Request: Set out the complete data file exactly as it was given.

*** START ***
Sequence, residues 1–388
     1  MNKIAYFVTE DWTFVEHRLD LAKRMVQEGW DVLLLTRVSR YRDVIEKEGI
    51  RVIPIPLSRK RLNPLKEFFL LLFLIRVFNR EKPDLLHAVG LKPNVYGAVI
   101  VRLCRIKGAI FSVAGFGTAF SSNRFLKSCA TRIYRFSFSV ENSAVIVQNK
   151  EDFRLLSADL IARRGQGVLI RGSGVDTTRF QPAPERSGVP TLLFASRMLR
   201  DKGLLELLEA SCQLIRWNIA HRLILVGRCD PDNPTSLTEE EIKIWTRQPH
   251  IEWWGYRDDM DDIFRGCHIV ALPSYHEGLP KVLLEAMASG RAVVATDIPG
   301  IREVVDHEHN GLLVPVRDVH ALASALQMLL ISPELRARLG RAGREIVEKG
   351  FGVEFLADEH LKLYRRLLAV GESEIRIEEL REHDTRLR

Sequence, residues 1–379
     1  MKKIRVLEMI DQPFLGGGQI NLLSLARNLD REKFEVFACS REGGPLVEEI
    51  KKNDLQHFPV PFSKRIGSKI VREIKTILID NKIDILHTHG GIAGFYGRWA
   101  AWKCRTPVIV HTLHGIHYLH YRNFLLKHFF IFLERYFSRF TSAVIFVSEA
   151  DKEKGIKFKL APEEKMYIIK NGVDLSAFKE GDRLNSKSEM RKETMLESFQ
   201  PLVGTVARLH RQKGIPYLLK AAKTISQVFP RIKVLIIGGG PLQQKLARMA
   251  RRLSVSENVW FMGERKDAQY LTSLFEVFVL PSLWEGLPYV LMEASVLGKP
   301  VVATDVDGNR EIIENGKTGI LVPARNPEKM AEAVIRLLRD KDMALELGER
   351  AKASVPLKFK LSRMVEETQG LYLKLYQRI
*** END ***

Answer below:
Sequence, residues 1–388
     1  MNKIAYFVTE DWTFVEHRLD LAKRMVQEGW DVLLLTRVSR YRDVIEKEGI
    51  RVIPIPLSRK RLNPLKEFFL LLFLIRVFNR EKPDLLHAVG LKPNVYGAVI
   101  VRLCRIKGAI FSVAGFGTAF SSNRFLKSCA TRIYRFSFSV ENSAVIVQNK
   151  EDFRLLSADL IARRGQGVLI RGSGVDTTRF QPAPERSGVP TLLFASRMLR
   201  DKGLLELLEA SCQLIRWNIA HRLILVGRCD PDNPTSLTEE EIKIWTRQPH
   251  IEWWGYRDDM DDIFRGCHIV ALPSYHEGLP KVLLEAMASG RAVVATDIPG
   301  IREVVDHEHN GLLVPVRDVH ALASALQMLL ISPELRARLG RAGREIVEKG
   351  FGVEFLADEH LKLYRRLLAV GESEIRIEEL REHDTRLR

Sequence, residues 1–379
     1  MKKIRVLEMI DQPFLGGGQI NLLSLARNLD REKFEVFACS REGGPLVEEI
    51  KKNDLQHFPV PFSKRIGSKI VREIKTILID NKIDILHTHG GIAGFYGRWA
   101  AWKCRTPVIV HTLHGIHYLH YRNFLLKHFF IFLERYFSRF TSAVIFVSEA
   151  DKEKGIKFKL APEEKMYIIK NGVDLSAFKE GDRLNSKSEM RKETMLESFQ
   201  PLVGTVARLH RQKGIPYLLK AAKTISQVFP RIKVLIIGGG PLQQKLARMA
   251  RRLSVSENVW FMGERKDAQY LTSLFEVFVL PSLWEGLPYV LMEASVLGKP
   301  VVATDVDGNR EIIENGKTGI LVPARNPEKM AEAVIRLLRD KDMALELGER
   351  AKASVPLKFK LSRMVEETQG LYLKLYQRI